I like to offer practical advice from time to time. Sure, there are folks with more experience but I have been through a few things myself and sometimes I wished someone had prepared me for the real deal. I often times remember something one of my professors said back in graduate school, like “You will see a difference between what is practiced and what is procedural (In HR)…” Man was he ever correct. It takes guts to be in HR. It ain’t no easy “win” for sure. There are going to be times when you’re going to have to get dirty.
We probably need to be featured on “Dirty Jobs” with Mike Rowe because you can get filthy. There are different types of dirt in HR; good dirt and bad dirt. Good dirt falls under the category of analytics and statistics. We need to maintain accurate numbers on things like cost per hire, costs of job posting, EEOC and affirmative action metrics, you know the compliance stuff. You should also keep a record of salary, sex, race and age figures just to ensure you are not unintentionally violating federal laws. Getting to the bottom of those figures takes time and usually the person in charge neglects them and it gets get to be too much to manage. And if you can’t prove otherwise you leave yourself open to law suit.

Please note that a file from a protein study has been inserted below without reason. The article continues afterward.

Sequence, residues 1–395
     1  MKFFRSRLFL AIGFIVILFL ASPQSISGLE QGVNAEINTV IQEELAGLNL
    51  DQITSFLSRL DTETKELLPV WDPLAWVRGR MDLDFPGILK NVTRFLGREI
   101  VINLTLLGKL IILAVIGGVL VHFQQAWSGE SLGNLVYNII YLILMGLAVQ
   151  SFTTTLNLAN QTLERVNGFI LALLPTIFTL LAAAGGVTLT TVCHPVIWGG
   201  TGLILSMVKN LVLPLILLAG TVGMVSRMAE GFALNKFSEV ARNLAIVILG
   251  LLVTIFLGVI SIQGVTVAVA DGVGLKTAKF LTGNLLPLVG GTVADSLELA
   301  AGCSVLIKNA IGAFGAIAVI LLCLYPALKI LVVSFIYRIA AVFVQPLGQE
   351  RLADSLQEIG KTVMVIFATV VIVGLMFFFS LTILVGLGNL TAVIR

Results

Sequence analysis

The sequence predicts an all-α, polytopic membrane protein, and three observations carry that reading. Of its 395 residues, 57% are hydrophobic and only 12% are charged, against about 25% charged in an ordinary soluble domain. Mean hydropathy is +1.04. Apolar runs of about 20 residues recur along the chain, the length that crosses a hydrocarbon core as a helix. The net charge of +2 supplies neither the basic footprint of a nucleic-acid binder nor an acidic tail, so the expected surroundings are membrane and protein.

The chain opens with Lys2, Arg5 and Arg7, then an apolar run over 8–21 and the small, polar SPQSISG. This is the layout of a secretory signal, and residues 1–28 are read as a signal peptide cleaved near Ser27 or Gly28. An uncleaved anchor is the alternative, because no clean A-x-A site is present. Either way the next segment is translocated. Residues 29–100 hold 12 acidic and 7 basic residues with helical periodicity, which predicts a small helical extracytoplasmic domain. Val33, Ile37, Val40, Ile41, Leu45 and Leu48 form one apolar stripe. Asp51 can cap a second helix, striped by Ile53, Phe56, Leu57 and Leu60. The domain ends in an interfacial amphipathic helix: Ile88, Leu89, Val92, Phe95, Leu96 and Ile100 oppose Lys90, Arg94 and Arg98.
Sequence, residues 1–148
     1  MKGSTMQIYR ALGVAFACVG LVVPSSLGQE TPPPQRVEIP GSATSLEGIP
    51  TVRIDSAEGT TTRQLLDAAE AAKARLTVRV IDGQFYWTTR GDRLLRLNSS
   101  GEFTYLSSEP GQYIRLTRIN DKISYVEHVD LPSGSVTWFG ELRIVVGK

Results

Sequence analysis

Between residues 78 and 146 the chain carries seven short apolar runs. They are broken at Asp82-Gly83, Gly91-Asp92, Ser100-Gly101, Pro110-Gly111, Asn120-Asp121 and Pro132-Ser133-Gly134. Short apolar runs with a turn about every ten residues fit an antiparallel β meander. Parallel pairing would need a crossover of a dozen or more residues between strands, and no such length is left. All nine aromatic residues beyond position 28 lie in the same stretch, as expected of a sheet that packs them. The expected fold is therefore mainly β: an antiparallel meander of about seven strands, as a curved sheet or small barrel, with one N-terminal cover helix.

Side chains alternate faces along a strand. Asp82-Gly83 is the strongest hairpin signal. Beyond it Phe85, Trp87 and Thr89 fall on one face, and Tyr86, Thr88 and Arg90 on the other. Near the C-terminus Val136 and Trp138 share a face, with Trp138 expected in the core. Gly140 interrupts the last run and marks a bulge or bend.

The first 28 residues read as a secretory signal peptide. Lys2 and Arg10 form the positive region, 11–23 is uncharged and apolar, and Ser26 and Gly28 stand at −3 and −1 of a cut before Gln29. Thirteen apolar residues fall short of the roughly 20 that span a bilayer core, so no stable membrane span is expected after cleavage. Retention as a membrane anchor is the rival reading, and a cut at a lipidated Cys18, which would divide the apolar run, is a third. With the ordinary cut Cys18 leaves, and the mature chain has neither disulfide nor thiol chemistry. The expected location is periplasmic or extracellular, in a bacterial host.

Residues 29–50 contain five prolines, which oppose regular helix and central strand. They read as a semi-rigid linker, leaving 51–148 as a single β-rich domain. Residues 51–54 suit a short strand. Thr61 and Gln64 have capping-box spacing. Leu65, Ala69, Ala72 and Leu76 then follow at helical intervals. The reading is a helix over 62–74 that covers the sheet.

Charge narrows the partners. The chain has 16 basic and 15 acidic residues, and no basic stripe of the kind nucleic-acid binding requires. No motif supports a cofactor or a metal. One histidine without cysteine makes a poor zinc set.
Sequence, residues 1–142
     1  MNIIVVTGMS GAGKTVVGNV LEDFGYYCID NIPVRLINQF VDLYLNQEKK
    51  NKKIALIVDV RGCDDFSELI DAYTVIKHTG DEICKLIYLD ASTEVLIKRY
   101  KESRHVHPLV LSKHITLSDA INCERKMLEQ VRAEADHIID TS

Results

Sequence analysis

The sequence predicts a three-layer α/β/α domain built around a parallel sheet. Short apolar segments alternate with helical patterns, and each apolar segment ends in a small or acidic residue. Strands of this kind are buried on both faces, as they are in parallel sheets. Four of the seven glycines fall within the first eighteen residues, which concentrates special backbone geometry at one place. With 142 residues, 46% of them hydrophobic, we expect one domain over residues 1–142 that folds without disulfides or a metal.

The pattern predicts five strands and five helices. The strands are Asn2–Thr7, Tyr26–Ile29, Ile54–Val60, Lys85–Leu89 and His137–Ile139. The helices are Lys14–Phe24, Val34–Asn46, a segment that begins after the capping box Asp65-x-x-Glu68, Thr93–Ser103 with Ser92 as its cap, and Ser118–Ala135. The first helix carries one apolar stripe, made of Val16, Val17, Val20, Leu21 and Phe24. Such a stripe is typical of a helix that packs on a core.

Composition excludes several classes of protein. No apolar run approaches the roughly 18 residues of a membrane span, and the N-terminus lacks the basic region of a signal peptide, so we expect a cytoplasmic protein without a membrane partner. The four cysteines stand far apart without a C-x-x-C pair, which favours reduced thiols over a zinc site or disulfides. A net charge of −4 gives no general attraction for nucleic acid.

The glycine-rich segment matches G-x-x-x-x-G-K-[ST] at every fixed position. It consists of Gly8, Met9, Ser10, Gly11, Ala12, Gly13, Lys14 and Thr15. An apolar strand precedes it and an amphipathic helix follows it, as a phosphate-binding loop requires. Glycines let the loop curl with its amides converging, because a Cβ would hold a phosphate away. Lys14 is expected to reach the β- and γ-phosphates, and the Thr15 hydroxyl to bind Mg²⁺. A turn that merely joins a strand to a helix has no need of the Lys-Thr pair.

Then there is bad dirt, we have talked at length about sexual relationships, in appropriate hiring decisions and special favors. The organization and HR is implicit in these acts and unfortunately it takes a major embarrassment like with the former CEO of BEST BUY or former Head Football Coach of the University of Arkansas to get people to do the right thing. These guys didn’t carry on these affairs by themselves, many people enabled in their libidinous behavior. There’s also drug use. Workers are bringing their dirty habits into the office; smoking weed, using pills and even crack…sadly it happens. It’s scary I know, but you will encounter this type of dirt, and my best advice is to remember “The job of HR is to protect the company” and that means you must protect it from itself.
There are tough decisions to be made; people to terminate, layoffs or restructuring. There are some aspects that we wish we didn’t have to worry about but that’s with any career. I love the fact that by and large we do our jobs (HR) so well that everyone thinks they can do it too. They rely on instinct but we know instincts alone will not make a successful HR practitioner. You have to know the laws, weigh the pros and cons and get a little dirty sometimes; just don’t wallow in the muck like a slob.